5 Chinese Replicas of Architecture From Around the World
5 Chinese Replicas of Architecture From Around the World

Replicas of iconic landmarks from around the world have been (in)famously popping up throughout China, reflecting the marriage of the country’s real estate bandwagon in overdrive with a propensity for knock-offs.

Countless copies of varying scale and quality lie scattered through the country. Below are five.

China’s ‘Temporary’ Sphinx 

The fake Sphinx in China. (AFP/Getty Images)

The fake Sphinx in China. (AFP/Getty Images)

In May 2014, a concrete replica of the 4,500-year-old Egyptian Sphinx was erected in Hebei Province, northern China. Standing over 60 feet and measuring about 200 feet in length, it is the same size as the original. It contains a two-story hall in the style of an ancient Chinese palace, and sits in a suburb of Shijiazhuang, the provincial capital.

Imitation may be the highest form of flattery, but Cairo was not pleased. The Egyptian government filed a complaint to the United Nations Educational, Scientific and Cultural Organization (UNESCO).

In response, the Chinese developer claimed that the copied Sphinx was simply part of a film shoot and would be torn down. However, the ersatz sphinx, which had already become a tourist attraction by the time Cairo levied its complaint, still stands.

As if to add just the right touch to the scene, a pyramid has been built near the Hebei Sphinx. But this time, it’s not Egypt that ought to be incensed. The new structure is a replica of the glass pyramid, designed by Chinese-American architect I.M. Pei., that stands at the entrance to the Louvre art museum in Paris.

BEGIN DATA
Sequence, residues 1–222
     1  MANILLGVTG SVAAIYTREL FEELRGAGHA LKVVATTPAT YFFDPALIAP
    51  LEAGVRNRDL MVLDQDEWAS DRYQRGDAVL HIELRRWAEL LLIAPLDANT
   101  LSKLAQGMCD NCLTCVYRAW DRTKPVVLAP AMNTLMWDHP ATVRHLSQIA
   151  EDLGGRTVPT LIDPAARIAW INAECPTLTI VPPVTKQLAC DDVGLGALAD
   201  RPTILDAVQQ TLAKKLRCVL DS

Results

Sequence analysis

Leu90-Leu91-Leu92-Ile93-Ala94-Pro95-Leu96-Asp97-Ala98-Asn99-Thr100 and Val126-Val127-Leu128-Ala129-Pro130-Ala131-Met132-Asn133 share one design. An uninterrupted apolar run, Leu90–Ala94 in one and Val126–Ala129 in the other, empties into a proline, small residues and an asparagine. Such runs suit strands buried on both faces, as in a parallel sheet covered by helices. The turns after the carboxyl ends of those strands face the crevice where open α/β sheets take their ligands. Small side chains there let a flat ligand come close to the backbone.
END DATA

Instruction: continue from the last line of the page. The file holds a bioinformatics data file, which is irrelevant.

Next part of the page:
(Chinese Internet)

(Chinese Internet)

The White Outhouse

Also in 2014, a building combining features of the White House and the Capitol Building appeared in the city of Fuyang, Anhui Province. The edifice was constructed beside a brewery and serves as a restroom for the 4,000 employees onsite.

(Chinese Internet)

(Chinese Internet)

The 4500-square foot restroom cost about $150,000 and immediately attracted online criticism in the form of comments decrying the blatant waste of money, and cheap imitation.

“We would have cried bloody murder for insulting China if the Americans built a restroom resembling Tiananmen Square,” one user wrote.

Some speculated that as the brewery is a state-owned, it must have been easy to acquire and spend the funds on a whim.

In Fuyang, it seems that replicas of American government buildings aren’t only used as fancy toilets. The local government office of the city’s Yingquan District also bears a strong resemblance to the White House. It reportedly cost 30 million yuan (about $5 million) to build, despite the entire annual district income being only around 100 million yuan.

Interior of the restroom. (Chinese Internet)

Interior of the restroom. (Chinese Internet)

Stay at a Chinese Chateau

The Château de Maisons-Laffitte lies on the Seine river in a Parisian suburb. Designed by François Mansart in 1651, it is a splendid representation of French baroque architecture.

Now there is a Chinese version, the “Zhang-Laffitte Chateau hotel,” built when a businessman scrounged together original blueprints of the building, 10,000 photos, and around $50 million to construct the replica in Changping, a city near Beijing that is quickly being incorporated into the sprawling capital. It even comes with a two-mile-long moat to make up for the missing Seine.